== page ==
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Going Paperless with your Financial Documents

I’ve noticed more company are offering incentives for customers to go paperless – receiving statements, notices, and other paperwork electronically, as well as making payments over the internet. In addition to saving trees, going paperless can also save you money. Consider these reasons for trading the snail mail documents for electronic ones.

Going paperless with your financial documents offers several advantages for customers.

Cost Savings
Paying bills online eliminates the cost of postage. You can utilize your bank’s bill pay feature to send payment via electronically. Many companies are set receive a direct payment from your bank within two days, maximizing the time your money is earning interest. Also some banks are offering incentives for you to go paperless. Wells Fargo is holding an Online Statements Sweepstakes where you could win $25,000 or one of ten $2,500 prizes for switching to online statements.

Reduce clutter
All those paper bills, notices, and statements tend to pile up, and they need to be stored somewhere. When you finally sort thru those documents, they will needed to be shredded before discarding them. Electronic version don’t take up any space – except on your computer hard drive.

Convenience
You might be able to search and sort electronic bills and statements or import the data info financial programs, such as Quicken®, for analysis. Bank statements often contain interactive features that let you find out more about a charge and reconcile your checkbook or spreadsheet records. And electronic documents are portable (it is very convenient for me to keep my records on a flash drive). Having your documents categorized and sorted makes things easier come tax time. And filing your tax return electronically can speed up your refund.

Environmental benefits
PayItGreen, a coalition led by an electronic-payment industry group estimates that by eliminating paper statements, bills, and payments alone, the average household would save 6.6 pounds of paper each year, avoid the release of 171 pounds of green house gasses and 63 gallons of wastewater, and cut gas consumption by 4.5 gallons. Who knew?! The estimates take into account paper, transportation, and disposal.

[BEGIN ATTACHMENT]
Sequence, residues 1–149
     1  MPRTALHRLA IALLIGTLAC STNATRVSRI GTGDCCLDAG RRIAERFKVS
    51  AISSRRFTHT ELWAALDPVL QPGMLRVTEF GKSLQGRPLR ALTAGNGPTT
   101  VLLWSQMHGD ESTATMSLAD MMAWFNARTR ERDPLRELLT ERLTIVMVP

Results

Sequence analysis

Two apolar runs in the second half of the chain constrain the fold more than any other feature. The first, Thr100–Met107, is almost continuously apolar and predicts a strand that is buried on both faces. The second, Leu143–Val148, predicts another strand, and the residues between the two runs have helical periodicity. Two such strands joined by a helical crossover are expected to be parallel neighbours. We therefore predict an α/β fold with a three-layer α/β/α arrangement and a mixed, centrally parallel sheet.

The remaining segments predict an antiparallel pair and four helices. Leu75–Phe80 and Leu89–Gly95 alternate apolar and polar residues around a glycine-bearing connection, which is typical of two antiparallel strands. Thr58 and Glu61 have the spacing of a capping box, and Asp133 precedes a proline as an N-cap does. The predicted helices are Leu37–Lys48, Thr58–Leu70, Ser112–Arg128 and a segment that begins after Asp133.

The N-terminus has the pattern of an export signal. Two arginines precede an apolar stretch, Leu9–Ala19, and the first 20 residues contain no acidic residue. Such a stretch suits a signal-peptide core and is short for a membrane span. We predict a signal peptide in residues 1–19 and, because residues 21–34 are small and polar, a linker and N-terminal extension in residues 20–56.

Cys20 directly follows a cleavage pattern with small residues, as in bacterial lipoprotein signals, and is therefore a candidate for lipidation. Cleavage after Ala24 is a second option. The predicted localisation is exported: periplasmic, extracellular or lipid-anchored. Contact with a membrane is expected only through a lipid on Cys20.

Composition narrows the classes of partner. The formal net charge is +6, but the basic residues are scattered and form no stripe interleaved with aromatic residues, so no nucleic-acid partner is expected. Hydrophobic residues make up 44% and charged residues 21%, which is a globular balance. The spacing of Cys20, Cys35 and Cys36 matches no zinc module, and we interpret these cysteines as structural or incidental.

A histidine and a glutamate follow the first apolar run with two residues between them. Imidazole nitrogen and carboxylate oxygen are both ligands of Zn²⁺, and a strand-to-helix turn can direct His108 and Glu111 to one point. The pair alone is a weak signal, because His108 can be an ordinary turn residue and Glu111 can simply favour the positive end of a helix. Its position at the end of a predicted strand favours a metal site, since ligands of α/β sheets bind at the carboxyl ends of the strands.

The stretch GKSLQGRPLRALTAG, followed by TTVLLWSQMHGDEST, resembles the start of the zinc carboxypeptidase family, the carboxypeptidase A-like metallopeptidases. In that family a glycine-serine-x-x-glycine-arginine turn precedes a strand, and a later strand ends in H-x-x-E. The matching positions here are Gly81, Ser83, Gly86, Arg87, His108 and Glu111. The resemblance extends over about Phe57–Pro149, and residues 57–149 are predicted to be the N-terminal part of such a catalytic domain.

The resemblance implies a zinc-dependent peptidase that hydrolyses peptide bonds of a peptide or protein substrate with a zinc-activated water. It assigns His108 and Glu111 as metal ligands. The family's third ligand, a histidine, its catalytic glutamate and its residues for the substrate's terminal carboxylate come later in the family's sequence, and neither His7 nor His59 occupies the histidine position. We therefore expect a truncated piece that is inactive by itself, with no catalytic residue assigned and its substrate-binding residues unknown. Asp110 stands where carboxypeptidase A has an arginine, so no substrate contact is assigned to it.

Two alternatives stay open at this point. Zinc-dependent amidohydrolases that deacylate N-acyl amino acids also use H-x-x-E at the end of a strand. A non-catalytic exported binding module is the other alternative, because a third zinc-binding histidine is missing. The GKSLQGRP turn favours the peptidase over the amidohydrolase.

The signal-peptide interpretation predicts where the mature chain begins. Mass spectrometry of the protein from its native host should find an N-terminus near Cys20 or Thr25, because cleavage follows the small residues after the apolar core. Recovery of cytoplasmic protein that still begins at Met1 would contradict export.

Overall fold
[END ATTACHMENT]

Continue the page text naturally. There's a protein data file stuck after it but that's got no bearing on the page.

Still not sure if you want to take the paperless route with your financial documents? Consider these tips for giving up paper.

Secure your computer
Back up your hard drive and keep a copy of your data in a different location from your computer in case of a fire or other calamity. Consider an online storage service like Wells Fargo’s vSafe. Make sure you have updated antivirus and antispyware programs (I highly recommend PCTools).

Download copies
Consider downloading copies onto your computer for safekeeping and future reference.

Record scheduled payments
If you set up online bill pay, especially if its automatic, be sure to record the payment in calendar, financial software or checkbook well in advance so you don’t risk overdrawing your account.

Retain confirmations
Whether you are paying a bill, making a deposit, transferring cash or anything else, save a copy of all confirmations. On your computer’s hard drive, consider setting up a folder called “Bill Confirmations”. Extract attached documents from your e-mail and save them in the appropriate folder.

Keep information current
Notify businesses if your change your email address. Otherwise you might miss bills or other important documents, exposing yourself to late charges and other problems.

I am 98% paperless with a few straggling prospectus coming via snail mail. Where as my husband is still pro paper. Vies that having a hard copy in hand lends for making sure bills are paid on time. Have you gone paperless with your financial documents? Why or why not?

Further Reading: Automating your Finances by Ramit Sethi

{photo credit: midcontinent}